- Source: Bon Appetit Magazine March 1993 p. 83
- Fresh Parsley and Sage tend to be infested with aphids, thrips and other insects. Please see “Kashrut Instructions” below for instructions on checking fresh herbs for insect infestation.
- 4 large eggs
- 3 Tablespoons vegetable oil
- 1 cup unsalted matzah meal
- 1½ teaspoons coarse salt
- ⅓ cup club soda
- 1 Tablespoon vegetable oil
- ½ cup finely-chopped onion
- ¼ cup finely-chopped celery
- ⅓ cup chopped fresh parsley
- 1 large clove garlic, minced
- ¾ cup finely-diced cooked chicken, about 3½ oz.
- 1 large egg
- ¼ teaspoon sage
- ¼ teaspoon salt
- ⅛ teaspoon ground nutmeg
- ⅛ teaspoon ground pepper
- Whisk oil and eggs to blend in medium bowl. Mix in matzah meal and salt. Add club soda and blend well.
- Cover and refrigerate at least 1 hour.
(Can be prepared 1 day ahead.)
- In small skillet over medium flame, heat oil. Add onion and celery and saute until vegetables soften, about 3 minutes. Add parsley and garlic and saute 1 minute.
- Transfer vegetable mixture to processor. Add chicken, egg, sage, salt, nutmeg and pepper; grind to coarse paste.
- Transfer stuffing to small bowl.
(Can be prepared 2 hours ahead; cover and refrigerate.)
- Cover baking sheet with plastic wrap; lightly brush plastic wrap with oil.
- Using moistened hands, roll matzah ball mixture into 12 (1-1/2-inch) balls and place on prepared sheet.
- Make deep hole in balls. Place 1 Tablespoon filling into each hole. Re-form matzah balls, enclosing stuffing.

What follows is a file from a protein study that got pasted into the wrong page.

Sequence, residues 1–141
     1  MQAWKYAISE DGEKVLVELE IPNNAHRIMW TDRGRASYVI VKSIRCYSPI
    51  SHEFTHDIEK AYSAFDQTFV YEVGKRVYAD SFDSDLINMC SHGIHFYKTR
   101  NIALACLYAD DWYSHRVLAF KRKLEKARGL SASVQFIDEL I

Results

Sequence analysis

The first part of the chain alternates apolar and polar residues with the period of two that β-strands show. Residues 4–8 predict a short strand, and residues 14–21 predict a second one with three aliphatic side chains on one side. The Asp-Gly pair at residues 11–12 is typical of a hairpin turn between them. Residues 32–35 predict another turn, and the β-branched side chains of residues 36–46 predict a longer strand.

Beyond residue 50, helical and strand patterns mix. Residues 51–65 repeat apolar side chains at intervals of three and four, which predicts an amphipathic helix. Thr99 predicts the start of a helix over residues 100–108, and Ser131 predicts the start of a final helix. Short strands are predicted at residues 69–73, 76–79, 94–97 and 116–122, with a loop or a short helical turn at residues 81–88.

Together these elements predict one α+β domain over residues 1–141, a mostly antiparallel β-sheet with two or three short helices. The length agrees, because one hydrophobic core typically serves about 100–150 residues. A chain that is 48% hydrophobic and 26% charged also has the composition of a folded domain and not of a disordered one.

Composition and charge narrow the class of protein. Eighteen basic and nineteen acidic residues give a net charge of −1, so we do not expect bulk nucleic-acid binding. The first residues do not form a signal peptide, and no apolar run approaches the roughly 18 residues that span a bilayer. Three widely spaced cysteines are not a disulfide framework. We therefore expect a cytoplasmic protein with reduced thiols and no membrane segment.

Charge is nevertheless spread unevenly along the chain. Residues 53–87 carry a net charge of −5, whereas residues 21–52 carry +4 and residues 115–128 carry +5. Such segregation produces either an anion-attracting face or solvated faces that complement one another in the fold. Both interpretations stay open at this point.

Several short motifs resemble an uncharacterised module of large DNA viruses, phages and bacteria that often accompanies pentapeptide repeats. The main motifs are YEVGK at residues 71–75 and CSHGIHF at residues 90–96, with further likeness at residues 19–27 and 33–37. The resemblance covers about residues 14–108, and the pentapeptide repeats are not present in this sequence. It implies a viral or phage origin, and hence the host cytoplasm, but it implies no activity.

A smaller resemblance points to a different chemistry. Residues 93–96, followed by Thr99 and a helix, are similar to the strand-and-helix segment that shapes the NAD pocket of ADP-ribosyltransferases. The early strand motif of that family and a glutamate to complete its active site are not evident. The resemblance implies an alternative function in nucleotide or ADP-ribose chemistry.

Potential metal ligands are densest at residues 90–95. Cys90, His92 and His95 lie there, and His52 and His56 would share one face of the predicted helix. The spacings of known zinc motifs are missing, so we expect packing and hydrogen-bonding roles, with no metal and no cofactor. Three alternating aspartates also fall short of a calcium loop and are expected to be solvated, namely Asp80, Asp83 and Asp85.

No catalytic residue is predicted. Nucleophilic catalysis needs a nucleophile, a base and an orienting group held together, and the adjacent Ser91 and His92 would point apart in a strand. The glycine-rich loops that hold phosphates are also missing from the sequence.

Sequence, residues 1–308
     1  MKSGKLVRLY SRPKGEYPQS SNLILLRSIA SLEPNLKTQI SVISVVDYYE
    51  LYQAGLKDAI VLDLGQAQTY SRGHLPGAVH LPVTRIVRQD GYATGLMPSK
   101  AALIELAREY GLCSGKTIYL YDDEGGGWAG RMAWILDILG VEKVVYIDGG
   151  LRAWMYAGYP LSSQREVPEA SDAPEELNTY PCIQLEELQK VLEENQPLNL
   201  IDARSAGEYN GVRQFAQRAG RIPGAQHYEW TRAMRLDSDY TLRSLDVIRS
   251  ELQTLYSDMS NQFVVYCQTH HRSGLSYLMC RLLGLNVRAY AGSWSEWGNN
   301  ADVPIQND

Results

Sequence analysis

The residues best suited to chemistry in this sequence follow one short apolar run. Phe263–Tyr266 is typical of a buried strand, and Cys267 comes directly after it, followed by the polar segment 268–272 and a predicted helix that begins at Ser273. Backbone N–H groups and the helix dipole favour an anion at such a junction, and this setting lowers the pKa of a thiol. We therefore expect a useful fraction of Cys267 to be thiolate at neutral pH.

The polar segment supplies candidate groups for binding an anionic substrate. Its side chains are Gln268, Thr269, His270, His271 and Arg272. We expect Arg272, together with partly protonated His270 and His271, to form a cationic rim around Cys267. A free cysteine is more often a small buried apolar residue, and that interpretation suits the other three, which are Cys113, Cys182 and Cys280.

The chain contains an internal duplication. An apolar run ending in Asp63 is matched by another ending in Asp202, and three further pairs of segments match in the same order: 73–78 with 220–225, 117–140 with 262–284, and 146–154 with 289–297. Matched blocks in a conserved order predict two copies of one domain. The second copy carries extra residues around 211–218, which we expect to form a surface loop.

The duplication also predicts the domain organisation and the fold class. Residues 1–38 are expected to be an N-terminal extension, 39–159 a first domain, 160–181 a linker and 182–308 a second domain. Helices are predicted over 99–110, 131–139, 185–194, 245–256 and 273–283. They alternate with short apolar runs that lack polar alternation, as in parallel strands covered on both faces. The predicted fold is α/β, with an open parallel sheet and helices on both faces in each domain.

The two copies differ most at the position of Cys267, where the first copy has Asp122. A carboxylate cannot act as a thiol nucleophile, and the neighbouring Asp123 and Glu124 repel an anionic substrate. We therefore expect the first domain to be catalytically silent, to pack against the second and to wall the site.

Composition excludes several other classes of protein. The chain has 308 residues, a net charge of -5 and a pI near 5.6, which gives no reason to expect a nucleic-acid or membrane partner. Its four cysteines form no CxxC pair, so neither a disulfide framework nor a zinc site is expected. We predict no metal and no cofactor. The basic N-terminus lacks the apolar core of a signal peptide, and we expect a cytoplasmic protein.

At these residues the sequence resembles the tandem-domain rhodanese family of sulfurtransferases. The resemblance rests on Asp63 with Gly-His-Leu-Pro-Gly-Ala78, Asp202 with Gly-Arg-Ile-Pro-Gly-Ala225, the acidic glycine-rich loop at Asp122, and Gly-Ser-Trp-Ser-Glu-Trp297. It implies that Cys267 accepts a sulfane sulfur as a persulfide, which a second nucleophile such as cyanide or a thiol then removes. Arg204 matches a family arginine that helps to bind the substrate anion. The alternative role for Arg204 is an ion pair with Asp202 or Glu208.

- Bring large pot of salted water to boil over medium-high heat. Drop matzah balls into pot. Cover and cook until matzah balls are tender and cooked through, about 35 minutes.
- Using slotted spoon, transfer matzah balls to bowl.
(Can be prepared 1 day ahead, Cover and refrigerate.)
This recipe can be doubled or tripled.
DESCRIPTION: Fresh Chives, basil, cilantro, dill, mint, oregano, parsley, rosemary, sage and thyme are often used as spices or garnishing.
Please Note: Curly leaf parsley is very difficult to check. It is therefore recommended that only flat leaf parsley be used.
INFESTATION: Aphids, thrips and other insects may often be found on the leaves and stems of these herbs. Insects tend to nestle in the crevices between the leaves and branches of herbs. These insects can curl up and stick to the leaf once they come in contact with water.
Vegetable spinners, power hoses, and light boxes are not always available in the home. We therefore recommend the following alternate procedure.
RECOMMENDATION: In order to determine if a particular bunch of herbs is infested prior to washing, bang it several times over a white cloth. This is most important when checking oregano, rosemary, sage and thyme. If only one or two insects are found proceed with the steps below. If three or more insects are detected in a particular bunch of herbs it should not be used.
- Soak herbs in a solution of cold water and vegetable wash. The proper amount of vegetable wash has been added when some bubbles are observed in the water. (In the absence of vegetable wash, several drops of concentrated unscented liquid detergent may be used. However, for health reasons, care must be taken to thoroughly rinse off the soapy solution.)
- Agitate the herbs in the soapy water, in order to loosen the sticking excretion of the bugs.
- Using a heavy stream of water, thoroughly wash off the soap and other foreign matter from the herbs.
- Check both sides of each leaf under direct light.
- If one or two insects are found, rewash the herbs.
- If any insects are found after repeating the agitation process twice, the entire bunch must be discarded.
Please note: To prepare herbs such as cilantro, dill or parsley for use in soups wash them thoroughly and place in a cooking bag.